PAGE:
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Advanced Integrated Engine Control Test Bed for Development of Intelligent Systems and Smart Instrumentation

Description:

TECHNOLOGY AREA(S): Air Platform 

OBJECTIVE: Design and development of a cost-effective test bed capability or experimental setup for gas turbine engine control and sensor systems. 

DESCRIPTION: Modern gas turbine engine designs are being influenced by increased levels of instrumentation and control that enhance the overall performance. Variable cycle engines have increased the level of authority that control system developers have over the engine cycle. The number of control variables and sensors have increased by over 50 percent. These advanced engine cycles require instrumentation feedback which then allows the digital engine controller to optimize the engine performance. The reliance on data dependency along with the continued decrease in price of electronics and instrumentation over the course of the last several decades has fueled this move toward more heavily instrumented engines. This, in turn, has led to significant improvements in instrumentation and control authority, resulting in innovative measurement modalities and control schemes. There is, however, a paucity of experimental testing infrastructure to adequately and reliably test control paradigms and distributed instrumentation in an actual gas turbine environment under nominal operating conditions. This is especially necessary since past development of sensors and control concepts is typically carried out with sub-scale experimentation which limits the testing of true actuator behavior. This lack of capacity to test equipment on an operating gas turbine presents an obstacle in the path towards developing new sensor and control technology that side-step issues of scalability, closed loop control and bottlenecks of bandwidth, frequency response and authority. The USAF is seeking a new test bed / experimental setup to be designed and developed which will provide cost-effective testing for newly developed sensors, actuators or control schemes in support of USAF objectives. The new test bed should have multiple options for including traditional and novel sensor technologies in a variety of gas turbine type environments. This includes compressor inlet and discharge, turbine inlet and discharge, and even the combustion zone. The new system should also have a flexible control system that can be updated to include third-party control schemes to interact with the existing sensor and actuator network.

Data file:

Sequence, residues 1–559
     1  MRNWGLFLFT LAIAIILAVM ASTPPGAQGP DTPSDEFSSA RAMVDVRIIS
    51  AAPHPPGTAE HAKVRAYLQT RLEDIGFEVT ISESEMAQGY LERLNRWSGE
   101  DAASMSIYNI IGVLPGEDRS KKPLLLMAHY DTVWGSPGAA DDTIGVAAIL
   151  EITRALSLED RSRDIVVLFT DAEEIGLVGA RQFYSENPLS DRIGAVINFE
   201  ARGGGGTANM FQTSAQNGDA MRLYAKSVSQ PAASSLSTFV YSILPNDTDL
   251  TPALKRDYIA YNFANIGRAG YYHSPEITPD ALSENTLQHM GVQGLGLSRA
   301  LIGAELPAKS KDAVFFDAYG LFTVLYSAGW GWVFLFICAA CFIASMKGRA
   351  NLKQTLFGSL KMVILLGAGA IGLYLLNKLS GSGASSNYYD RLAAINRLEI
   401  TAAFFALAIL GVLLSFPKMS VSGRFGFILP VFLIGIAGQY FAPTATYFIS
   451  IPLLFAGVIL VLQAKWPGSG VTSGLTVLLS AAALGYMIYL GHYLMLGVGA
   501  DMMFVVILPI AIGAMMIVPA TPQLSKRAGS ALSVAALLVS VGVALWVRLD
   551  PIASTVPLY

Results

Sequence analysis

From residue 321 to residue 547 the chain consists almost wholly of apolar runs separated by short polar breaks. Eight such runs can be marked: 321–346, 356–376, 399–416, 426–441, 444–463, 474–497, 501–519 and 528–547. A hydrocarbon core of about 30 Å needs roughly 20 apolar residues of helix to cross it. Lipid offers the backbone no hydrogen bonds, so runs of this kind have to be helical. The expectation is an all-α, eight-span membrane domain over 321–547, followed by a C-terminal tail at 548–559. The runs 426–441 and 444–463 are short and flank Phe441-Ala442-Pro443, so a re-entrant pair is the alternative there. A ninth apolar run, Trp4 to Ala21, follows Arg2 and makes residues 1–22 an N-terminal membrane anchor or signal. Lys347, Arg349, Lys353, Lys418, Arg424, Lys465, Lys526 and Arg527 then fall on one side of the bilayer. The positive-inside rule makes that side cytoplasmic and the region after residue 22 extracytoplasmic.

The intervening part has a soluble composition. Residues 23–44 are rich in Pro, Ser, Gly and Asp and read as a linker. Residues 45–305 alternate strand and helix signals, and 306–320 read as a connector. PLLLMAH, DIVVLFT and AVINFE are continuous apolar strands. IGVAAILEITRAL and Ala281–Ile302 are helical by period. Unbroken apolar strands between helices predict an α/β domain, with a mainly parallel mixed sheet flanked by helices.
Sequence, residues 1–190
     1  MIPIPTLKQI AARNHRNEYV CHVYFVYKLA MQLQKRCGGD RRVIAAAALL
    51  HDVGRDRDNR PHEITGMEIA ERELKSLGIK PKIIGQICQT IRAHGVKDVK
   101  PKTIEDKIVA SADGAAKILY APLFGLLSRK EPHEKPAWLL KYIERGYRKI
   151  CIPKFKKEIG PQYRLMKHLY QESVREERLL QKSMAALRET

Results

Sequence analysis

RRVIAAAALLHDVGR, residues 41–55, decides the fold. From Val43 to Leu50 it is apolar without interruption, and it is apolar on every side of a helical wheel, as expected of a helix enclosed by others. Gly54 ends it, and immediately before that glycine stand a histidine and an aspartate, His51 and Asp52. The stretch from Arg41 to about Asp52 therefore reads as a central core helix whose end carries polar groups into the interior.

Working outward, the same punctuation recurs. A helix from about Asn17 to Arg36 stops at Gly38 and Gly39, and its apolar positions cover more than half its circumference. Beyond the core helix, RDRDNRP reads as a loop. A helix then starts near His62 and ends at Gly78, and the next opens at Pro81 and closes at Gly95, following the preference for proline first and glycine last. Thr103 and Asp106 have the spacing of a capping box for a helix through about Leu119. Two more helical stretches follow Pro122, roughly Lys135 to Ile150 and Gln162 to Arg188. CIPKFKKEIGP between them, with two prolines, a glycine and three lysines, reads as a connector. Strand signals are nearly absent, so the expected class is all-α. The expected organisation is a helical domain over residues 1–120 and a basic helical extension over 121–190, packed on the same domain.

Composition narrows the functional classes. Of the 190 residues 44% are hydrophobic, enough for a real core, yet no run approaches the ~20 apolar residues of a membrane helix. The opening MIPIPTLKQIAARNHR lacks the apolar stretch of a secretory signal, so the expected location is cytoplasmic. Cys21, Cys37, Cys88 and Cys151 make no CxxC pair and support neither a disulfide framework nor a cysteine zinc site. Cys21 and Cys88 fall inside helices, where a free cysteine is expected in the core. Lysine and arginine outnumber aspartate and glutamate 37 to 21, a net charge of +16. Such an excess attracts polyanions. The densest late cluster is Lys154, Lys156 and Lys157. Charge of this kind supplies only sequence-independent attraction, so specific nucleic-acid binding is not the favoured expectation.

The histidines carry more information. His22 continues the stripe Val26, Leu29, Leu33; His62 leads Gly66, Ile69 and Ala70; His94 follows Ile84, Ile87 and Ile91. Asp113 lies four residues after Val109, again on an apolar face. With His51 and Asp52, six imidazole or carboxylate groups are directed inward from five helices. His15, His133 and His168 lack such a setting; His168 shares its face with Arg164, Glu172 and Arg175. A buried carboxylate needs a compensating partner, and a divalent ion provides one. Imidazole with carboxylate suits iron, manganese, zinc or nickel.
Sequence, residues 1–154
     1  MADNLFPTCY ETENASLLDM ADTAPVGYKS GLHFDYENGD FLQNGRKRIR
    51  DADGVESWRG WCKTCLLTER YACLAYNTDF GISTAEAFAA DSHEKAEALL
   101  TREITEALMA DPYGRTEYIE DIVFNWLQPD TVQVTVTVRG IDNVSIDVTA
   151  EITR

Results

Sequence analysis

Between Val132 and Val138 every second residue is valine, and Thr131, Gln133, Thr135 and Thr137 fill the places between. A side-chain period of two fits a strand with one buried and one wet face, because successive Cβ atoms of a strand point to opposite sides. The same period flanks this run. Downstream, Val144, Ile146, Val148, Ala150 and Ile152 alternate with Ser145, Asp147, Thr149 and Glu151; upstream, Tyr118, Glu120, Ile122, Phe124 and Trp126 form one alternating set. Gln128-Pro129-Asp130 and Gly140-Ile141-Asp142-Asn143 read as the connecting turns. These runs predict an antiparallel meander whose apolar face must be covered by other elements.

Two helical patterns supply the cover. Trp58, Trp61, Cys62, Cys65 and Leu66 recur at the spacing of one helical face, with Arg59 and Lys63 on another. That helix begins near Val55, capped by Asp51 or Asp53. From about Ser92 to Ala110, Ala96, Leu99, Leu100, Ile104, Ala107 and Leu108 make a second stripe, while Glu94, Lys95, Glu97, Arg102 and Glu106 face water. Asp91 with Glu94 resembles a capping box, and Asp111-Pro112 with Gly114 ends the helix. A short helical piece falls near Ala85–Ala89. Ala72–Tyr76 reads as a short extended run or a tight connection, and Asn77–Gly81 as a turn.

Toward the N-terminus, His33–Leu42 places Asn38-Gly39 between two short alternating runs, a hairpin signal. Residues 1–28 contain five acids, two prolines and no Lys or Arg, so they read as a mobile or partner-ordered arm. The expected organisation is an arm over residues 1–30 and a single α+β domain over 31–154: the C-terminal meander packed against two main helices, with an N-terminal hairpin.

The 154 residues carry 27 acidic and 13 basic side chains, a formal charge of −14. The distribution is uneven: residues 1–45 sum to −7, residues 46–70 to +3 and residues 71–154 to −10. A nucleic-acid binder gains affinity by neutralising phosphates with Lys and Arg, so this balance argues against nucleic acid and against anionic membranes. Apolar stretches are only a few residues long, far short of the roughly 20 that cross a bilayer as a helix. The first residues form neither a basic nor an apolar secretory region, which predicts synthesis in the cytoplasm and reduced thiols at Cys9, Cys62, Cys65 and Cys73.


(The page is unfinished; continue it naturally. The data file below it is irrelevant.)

PHASE I: Design an experimental setup/test bed with the basic sensors and actuators typically found in gas turbine engines, and access for additional and nontraditional sensors and actuators for future application and testing of advanced control strategies. Design a control system to interact with the sensors and actuators to achieve basic engine control (start, steady state operation, transient throttle events, and shutdown), as well as, flexibility to experiment with other novel control strategies. 

PHASE II: Fabrication and commissioning of the test bed/experimental setup to include demonstration of the full range of operating conditions as designed, including demonstration of the control modes of the test system. 

PHASE III: Conduct performance testing of sensors, actuators and control schemes relevant to USAF turbine engines or other aerospace vehicle applications. 

REFERENCES: 

1. Behbahani, A. and Tulpule, B., “Perspective for Distributed Intelligent Engine Controls of the Future”, AIAA 2010-6631, 46th AIAA/ ASME/SAE/ASEE Joint Propulsion Conference & Exhibit, Nashville, TN, 25- 28 July 2010.; 2. Millar, R. and Tulpule, B., “Intelligent Sensor Node as an Approach to Integrated Instrumentation & Sensor Systems for Aerospace Systems Control”, AIAA 2011-1598, Aerospace 2011, St. Louis, MO, 29- 31 March 2011.; 3. Tooley, J.J. et.al., “Design and System Implementation Considerations for High Temperature Distributed Engine Control”, AIAA 2010-6674, 46th AIAA/ ASME/SAE/ASEE Joint Propulsion Conference & Exhibit, Nashville, TN, 25-28 July 2010.; 4. Pakmehr, M., Fitzgerald, N., Cazenave, T., Feron E., Paduano, J. D., and Behbahani, A., "Distributed Modular Control Architecture Development for Gas Turbine Engines", Proceedings of the ISA 58th International Instrumentation Symposium, San Diego, CA

KEYWORDS: Gas Turbine, Engine Controls, Variable Cycle, Sensors, Actuators, Experimental Setup 

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